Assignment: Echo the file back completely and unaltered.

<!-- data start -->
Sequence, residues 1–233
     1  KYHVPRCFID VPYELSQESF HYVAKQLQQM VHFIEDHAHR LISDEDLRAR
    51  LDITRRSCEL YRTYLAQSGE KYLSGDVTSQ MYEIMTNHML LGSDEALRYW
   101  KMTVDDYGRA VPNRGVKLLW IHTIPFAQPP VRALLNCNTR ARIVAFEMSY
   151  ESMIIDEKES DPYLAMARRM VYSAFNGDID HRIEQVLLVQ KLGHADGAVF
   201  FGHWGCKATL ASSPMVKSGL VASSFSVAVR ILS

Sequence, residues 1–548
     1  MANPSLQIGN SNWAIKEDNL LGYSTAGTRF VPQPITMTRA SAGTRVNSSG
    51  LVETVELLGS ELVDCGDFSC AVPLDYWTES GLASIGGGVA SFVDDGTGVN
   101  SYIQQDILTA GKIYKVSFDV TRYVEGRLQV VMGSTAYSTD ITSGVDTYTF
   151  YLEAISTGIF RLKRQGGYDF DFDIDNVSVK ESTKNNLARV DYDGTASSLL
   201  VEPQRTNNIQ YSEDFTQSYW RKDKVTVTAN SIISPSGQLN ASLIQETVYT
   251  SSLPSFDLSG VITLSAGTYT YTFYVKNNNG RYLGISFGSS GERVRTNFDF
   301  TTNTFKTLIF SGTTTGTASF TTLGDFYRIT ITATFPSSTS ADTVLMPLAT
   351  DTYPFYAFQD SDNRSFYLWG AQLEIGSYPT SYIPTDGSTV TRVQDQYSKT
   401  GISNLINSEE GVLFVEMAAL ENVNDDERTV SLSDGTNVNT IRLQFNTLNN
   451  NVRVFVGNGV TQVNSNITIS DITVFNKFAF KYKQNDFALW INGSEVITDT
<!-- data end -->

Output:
Sequence, residues 1–233
     1  KYHVPRCFID VPYELSQESF HYVAKQLQQM VHFIEDHAHR LISDEDLRAR
    51  LDITRRSCEL YRTYLAQSGE KYLSGDVTSQ MYEIMTNHML LGSDEALRYW
   101  KMTVDDYGRA VPNRGVKLLW IHTIPFAQPP VRALLNCNTR ARIVAFEMSY
   151  ESMIIDEKES DPYLAMARRM VYSAFNGDID HRIEQVLLVQ KLGHADGAVF
   201  FGHWGCKATL ASSPMVKSGL VASSFSVAVR ILS

Sequence, residues 1–548
     1  MANPSLQIGN SNWAIKEDNL LGYSTAGTRF VPQPITMTRA SAGTRVNSSG
    51  LVETVELLGS ELVDCGDFSC AVPLDYWTES GLASIGGGVA SFVDDGTGVN
   101  SYIQQDILTA GKIYKVSFDV TRYVEGRLQV VMGSTAYSTD ITSGVDTYTF
   151  YLEAISTGIF RLKRQGGYDF DFDIDNVSVK ESTKNNLARV DYDGTASSLL
   201  VEPQRTNNIQ YSEDFTQSYW RKDKVTVTAN SIISPSGQLN ASLIQETVYT
   251  SSLPSFDLSG VITLSAGTYT YTFYVKNNNG RYLGISFGSS GERVRTNFDF
   301  TTNTFKTLIF SGTTTGTASF TTLGDFYRIT ITATFPSSTS ADTVLMPLAT
   351  DTYPFYAFQD SDNRSFYLWG AQLEIGSYPT SYIPTDGSTV TRVQDQYSKT
   401  GISNLINSEE GVLFVEMAAL ENVNDDERTV SLSDGTNVNT IRLQFNTLNN
   451  NVRVFVGNGV TQVNSNITIS DITVFNKFAF KYKQNDFALW INGSEVITDT